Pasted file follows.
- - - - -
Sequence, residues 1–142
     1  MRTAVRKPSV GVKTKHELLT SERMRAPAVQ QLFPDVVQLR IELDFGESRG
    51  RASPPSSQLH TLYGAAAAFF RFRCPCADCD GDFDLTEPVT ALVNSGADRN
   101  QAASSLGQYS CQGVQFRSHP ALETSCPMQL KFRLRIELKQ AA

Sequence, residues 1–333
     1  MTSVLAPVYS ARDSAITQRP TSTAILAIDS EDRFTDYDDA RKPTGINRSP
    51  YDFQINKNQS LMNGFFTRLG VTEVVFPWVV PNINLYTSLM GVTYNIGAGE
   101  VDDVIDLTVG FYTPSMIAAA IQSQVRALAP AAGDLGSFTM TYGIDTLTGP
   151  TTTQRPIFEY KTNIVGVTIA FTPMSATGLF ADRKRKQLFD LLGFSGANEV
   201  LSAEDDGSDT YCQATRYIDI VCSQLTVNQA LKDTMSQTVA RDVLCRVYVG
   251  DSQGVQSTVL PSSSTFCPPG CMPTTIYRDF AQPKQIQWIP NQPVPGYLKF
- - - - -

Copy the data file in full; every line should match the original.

Sequence, residues 1–142
     1  MRTAVRKPSV GVKTKHELLT SERMRAPAVQ QLFPDVVQLR IELDFGESRG
    51  RASPPSSQLH TLYGAAAAFF RFRCPCADCD GDFDLTEPVT ALVNSGADRN
   101  QAASSLGQYS CQGVQFRSHP ALETSCPMQL KFRLRIELKQ AA

Sequence, residues 1–333
     1  MTSVLAPVYS ARDSAITQRP TSTAILAIDS EDRFTDYDDA RKPTGINRSP
    51  YDFQINKNQS LMNGFFTRLG VTEVVFPWVV PNINLYTSLM GVTYNIGAGE
   101  VDDVIDLTVG FYTPSMIAAA IQSQVRALAP AAGDLGSFTM TYGIDTLTGP
   151  TTTQRPIFEY KTNIVGVTIA FTPMSATGLF ADRKRKQLFD LLGFSGANEV
   201  LSAEDDGSDT YCQATRYIDI VCSQLTVNQA LKDTMSQTVA RDVLCRVYVG
   251  DSQGVQSTVL PSSSTFCPPG CMPTTIYRDF AQPKQIQWIP NQPVPGYLKF